“When you’ve had your doctor for years, they know what medication I need, what I’m allergic to and what is the best plan of health to help me through this,” she said. “They are taking away my life and not just me, but others who I’m here to stand for. They’re denying us access to the health and treatment that we deserve.”

Pittsburgh City Councilor Erika Strassburger also expressed concern with the intentions of the feud between Highmark and UPMC, and how it’s bled into the livelihoods of her constituents.  

“It’s more about winning than it is about providing a true service to the public, and that’s where people in my constituency are starting to see the troubling practices of UPMC.”

In a case argued before the Pennsylvania Supreme Court by Attorney General Josh Shapiro, it was decided today that further examination of the consent decree was needed before its expiration could go into effect. The case is being sent to Commonwealth Court for further proceedings and the partnership between UPMC and Highmark will remain until the exploration has concluded.  

Many at the strike also expressed dissatisfaction with UPMC’s status as a nonprofit organization. Workers and supporters believed that UPMC has taken advantage of its tax breaks by not investing the funds back into their workers or their communities. In a speech given at the strike, State Representative Ed Gainey gave an emotional plea for UPMC to remedy this by ending inequality of salaries among UPMC employees.

“When you’re an institution that’s nonprofit and you can pay your people billions of dollars in upper management, there should be no reason why you can’t pay your workers who take care of patients, who make sure the hospital is clean, a living wage,” he said. “Lets treat our workers with the level of respect you would treat your family with, because you wouldn’t want your family working for the peanuts that you’re paying people right now.”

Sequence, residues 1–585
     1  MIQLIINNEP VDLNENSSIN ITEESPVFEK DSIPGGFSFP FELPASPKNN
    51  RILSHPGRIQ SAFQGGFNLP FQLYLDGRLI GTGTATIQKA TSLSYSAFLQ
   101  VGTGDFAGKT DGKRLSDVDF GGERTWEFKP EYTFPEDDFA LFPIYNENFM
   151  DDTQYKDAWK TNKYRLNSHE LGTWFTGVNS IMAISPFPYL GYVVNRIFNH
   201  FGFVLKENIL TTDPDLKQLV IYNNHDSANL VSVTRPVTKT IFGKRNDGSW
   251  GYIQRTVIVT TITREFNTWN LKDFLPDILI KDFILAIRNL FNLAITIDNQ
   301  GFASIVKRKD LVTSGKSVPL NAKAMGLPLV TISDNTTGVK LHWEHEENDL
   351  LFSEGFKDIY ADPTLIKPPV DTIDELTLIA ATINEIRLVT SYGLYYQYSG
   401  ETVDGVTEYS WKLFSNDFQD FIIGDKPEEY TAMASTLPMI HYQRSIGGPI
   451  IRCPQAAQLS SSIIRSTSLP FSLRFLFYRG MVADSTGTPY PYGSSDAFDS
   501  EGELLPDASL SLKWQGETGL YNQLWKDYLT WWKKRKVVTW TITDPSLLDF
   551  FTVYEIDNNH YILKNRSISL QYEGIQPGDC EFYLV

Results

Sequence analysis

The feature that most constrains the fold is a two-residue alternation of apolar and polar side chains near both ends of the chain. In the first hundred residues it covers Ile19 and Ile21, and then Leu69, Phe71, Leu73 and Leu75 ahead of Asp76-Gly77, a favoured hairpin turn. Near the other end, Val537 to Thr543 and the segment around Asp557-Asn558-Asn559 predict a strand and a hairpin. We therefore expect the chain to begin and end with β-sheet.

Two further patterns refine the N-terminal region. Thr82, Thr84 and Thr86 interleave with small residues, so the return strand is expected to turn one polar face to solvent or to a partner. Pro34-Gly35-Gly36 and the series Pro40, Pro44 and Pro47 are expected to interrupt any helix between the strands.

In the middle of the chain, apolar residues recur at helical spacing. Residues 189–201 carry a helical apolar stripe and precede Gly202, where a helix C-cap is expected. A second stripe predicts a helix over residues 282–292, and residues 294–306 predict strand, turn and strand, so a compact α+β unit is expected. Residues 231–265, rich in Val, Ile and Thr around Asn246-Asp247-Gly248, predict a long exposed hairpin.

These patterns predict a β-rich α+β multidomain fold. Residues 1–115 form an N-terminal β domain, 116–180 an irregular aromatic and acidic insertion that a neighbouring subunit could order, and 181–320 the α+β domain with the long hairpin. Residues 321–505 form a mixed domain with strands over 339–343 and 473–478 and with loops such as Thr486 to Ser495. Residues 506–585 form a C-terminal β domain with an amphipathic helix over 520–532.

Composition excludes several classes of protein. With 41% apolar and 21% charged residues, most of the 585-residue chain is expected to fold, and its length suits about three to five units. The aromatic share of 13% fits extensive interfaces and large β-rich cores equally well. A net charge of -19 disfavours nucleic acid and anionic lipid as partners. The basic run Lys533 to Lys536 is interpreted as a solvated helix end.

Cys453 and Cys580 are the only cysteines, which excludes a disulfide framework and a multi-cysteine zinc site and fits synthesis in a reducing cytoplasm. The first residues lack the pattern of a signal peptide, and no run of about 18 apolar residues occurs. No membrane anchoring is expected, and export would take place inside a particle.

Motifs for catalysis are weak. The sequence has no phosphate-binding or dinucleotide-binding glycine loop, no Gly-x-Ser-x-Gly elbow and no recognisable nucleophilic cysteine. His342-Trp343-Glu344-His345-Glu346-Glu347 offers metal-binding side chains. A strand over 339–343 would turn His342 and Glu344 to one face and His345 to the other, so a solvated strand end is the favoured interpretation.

Mary Kay Henry, president of the Service Employees International Union, said UPMC has been “behaving like every other corporation in America by putting money ahead of the patient care they provide.” Henry also saw the initial exclusion of public attendance at the board meeting as a message from UPMC to its workers. “I think they’re saying that workers’ voices in the healthcare of this community don’t matter,” she said.

Other high-ranking individuals and elected officials in attendance at the strike found similar patterns in UPMC’s behavior. Lieutenant Governor John Fetterman, who saw the removal of the UPMC hospital in Braddock and its lasting impact on his community while serving as mayor, said he hasn’t seen UPMC do the right thing in 10 years.

“This idea that they can behave and act in a way that is counterproductive to the greater welfare of Pennsylvania… we have to check that,” he said. “It’s too late for my hospital, but what I would like to see UPMC do is just do what Highmark’s already agreed to.”

Through his frustration, Fetterman expressed hope for the future of healthcare in Pennsylvania and the possibilities of what can be done when people come together to demand healthcare justice. With a democratic majority on the Supreme Court and a strong case by the Attorney General, he said, UPMC could be forced to do the right thing.

“They’re a big organization, but they’re not nearly as big as the Commonwealth of Pennsylvania.”